By Neal Pollard
It’s no news flash to observe that our culture seems hopelessly divided along political lines. That seems to impact race, gender, and other lines, too. The most tragic consequence of this is that it has not left the church unaffected. Social media is often a barometer for how emotional and passionate brethren on both sides of this divide can become when discussing some specific aspect of this. We cannot hope that social media will provide the answer. Who your friends are and what their leanings are on political issues influence what shows up on your homepage as they share politically or socially charged blogs, videos, and the like. Pundits have, for a few years, theorized and analyzed the reality of a “political social media bubble.” Barton Swaim, in an August 1 article on The Weekly Standard online, said, “more than any other social media platforms, Facebook and Twitter are avenues for the kind of acrimony that has embittered our politics and poisoned reasonable dialog
”(https://www.weeklystandard.com/barton-swaim/a-political-social-media-bubble). It’s not just conservative publications making that observation. Google the term “political social media bubble” and conservative, moderate, and liberal outlets can at least agree about its existence (a trip to The Guardian, New York Times, National Review, et al finds plenty of material if written from different points of view drawing different conclusions).
Too often, God’s people get drawn into this hurtful, messy arena and turn on each other like gladiators in the Roman Colosseum. The God of heaven must certainly weep.
This weekend, I visited the Lord’s church in Chesapeake, Virginia, a state that is often a political cauldron boiling hotter than many other places.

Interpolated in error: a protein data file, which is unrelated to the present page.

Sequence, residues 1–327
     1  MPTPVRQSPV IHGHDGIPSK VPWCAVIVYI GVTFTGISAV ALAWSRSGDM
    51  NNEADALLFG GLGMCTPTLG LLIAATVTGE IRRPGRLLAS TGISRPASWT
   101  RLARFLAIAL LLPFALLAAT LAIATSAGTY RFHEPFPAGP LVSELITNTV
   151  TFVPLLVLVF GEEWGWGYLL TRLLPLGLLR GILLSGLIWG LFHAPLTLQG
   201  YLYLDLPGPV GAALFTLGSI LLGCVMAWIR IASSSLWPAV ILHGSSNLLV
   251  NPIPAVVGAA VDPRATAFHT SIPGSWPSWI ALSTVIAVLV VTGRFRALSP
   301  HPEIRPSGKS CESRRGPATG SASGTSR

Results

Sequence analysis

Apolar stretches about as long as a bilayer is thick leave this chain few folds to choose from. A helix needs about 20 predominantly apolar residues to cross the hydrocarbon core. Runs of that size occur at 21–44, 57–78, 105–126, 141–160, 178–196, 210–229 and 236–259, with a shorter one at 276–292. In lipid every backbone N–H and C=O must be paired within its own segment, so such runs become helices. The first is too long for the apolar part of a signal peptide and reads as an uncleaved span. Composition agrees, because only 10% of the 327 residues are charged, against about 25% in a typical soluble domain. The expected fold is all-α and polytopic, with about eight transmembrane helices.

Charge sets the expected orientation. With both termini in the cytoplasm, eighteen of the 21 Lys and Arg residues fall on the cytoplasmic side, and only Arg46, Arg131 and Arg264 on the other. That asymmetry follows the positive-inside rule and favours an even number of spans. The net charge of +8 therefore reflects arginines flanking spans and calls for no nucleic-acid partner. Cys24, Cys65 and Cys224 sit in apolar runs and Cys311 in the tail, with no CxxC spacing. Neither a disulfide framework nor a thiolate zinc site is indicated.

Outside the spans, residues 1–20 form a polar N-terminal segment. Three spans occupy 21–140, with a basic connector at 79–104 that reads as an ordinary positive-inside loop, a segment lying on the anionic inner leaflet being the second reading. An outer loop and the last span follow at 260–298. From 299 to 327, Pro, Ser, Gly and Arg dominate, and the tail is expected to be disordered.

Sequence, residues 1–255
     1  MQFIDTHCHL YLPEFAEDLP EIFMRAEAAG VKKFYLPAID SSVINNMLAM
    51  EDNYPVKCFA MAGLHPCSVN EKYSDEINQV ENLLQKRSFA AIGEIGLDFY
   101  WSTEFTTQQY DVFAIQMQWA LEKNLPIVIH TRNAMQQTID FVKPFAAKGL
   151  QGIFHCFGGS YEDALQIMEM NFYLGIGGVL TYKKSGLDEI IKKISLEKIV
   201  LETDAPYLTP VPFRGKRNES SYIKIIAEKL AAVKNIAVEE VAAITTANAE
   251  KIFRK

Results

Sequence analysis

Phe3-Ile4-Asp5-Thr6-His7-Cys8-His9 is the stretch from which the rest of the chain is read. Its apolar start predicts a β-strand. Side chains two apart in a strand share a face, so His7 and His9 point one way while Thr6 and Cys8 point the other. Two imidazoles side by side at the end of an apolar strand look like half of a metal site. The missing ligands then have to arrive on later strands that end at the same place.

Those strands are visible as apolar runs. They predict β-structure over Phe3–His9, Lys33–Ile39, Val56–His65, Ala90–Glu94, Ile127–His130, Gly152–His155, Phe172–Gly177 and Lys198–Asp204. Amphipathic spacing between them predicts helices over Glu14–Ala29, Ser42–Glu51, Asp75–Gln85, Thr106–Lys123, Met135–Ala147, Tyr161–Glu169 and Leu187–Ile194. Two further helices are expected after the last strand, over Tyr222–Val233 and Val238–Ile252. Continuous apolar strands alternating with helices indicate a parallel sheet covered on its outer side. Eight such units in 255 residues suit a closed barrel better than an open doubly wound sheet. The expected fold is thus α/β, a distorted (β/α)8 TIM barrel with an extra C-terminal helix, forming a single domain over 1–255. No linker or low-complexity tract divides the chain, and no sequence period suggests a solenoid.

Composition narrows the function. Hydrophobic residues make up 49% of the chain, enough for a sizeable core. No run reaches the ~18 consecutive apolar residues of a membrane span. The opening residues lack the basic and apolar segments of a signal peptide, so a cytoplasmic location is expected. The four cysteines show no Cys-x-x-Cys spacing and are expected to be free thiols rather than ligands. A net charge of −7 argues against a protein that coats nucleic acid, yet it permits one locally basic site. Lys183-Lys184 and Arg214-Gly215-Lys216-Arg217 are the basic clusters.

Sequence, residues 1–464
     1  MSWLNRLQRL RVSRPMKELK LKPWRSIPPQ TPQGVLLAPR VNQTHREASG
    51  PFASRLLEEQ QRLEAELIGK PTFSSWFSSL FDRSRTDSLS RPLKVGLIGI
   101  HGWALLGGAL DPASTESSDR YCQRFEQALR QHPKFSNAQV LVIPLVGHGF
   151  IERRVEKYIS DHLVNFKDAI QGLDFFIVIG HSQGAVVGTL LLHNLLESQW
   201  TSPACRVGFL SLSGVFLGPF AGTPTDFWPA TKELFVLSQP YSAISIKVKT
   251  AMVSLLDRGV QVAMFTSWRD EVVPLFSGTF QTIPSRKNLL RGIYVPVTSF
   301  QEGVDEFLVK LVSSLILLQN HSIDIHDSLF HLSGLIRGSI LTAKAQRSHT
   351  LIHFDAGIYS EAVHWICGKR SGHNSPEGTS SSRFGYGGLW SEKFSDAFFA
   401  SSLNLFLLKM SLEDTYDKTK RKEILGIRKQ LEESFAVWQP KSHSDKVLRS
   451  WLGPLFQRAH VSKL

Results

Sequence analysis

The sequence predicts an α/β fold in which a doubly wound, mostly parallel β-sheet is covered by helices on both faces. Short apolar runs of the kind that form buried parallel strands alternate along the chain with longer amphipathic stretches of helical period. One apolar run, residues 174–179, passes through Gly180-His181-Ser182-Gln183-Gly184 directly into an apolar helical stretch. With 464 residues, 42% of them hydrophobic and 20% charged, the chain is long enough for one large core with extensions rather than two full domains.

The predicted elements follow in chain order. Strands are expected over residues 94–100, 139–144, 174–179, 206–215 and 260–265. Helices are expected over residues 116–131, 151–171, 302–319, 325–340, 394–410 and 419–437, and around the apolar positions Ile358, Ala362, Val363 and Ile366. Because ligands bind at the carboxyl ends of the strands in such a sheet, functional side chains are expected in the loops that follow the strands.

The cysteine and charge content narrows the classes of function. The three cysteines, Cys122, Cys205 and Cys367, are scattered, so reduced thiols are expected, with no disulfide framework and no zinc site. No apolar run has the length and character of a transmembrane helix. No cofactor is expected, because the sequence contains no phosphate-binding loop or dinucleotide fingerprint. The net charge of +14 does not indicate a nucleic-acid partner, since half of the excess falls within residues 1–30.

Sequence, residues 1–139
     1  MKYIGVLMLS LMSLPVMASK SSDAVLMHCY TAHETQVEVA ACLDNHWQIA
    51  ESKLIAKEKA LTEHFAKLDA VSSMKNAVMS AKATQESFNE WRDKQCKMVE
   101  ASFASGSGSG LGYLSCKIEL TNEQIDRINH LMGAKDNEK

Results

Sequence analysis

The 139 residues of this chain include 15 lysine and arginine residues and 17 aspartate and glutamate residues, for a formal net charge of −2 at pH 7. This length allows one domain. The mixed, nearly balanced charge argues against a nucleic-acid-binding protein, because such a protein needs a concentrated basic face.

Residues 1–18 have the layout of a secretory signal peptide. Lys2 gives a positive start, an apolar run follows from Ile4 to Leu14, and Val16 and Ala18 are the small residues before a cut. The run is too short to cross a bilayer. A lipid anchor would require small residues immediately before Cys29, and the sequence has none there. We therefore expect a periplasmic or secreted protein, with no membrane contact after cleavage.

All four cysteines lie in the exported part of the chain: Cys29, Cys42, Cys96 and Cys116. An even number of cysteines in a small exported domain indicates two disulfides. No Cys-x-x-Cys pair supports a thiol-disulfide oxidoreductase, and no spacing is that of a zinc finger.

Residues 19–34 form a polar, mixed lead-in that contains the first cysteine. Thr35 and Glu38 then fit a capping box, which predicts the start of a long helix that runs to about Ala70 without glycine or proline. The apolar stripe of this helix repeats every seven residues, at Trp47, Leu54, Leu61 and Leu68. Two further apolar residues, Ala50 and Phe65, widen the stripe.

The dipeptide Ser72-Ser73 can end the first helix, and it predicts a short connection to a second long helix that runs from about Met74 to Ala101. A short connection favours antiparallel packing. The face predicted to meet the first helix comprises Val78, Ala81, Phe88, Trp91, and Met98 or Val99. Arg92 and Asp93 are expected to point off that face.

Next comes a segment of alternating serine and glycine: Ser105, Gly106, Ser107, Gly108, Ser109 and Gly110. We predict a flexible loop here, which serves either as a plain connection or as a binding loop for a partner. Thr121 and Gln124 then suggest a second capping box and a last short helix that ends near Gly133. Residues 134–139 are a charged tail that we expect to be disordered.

I’m not sure how many congregations were represented, but we had to have had close to half white and half black people attending (with various Asian and Hispanic visitors there, too). Politics were mentioned a few times, but only in the sense that they have too often become a stumbling block and distraction in the Lord’s church and that they cannot solve our nation’s problems.
But I was beholding the answer without it having to be pointed out. Those in attendance had a thirst for a “thus saith the Lord.” People of different colors lovingly, naturally worshipped, fellowshipped, visited, laughed with, and enjoyed each other throughout the weekend. It was genuine. It was deep. It was powerful. And it was neither contrived nor manipulated. Its glue and bond was the blood and body of God’s Son. Christ is the great uniter. As we unite on His terms and His way, we destroy barriers. That’s by design.
What Paul says to Jew and Gentile in Ephesians 2:14-18 can have application between black and white, Republican and Democrat, rich and poor, male and female, or however our country wants to erect barriers. Christ is our peace and can break down the barrier of any dividing wall. He helps us view each other as “fellow citizens” and “family” (2:19) who are “together” (2:21,22). When we get ahold of that, nothing can keep us apart!
By Neal Pollard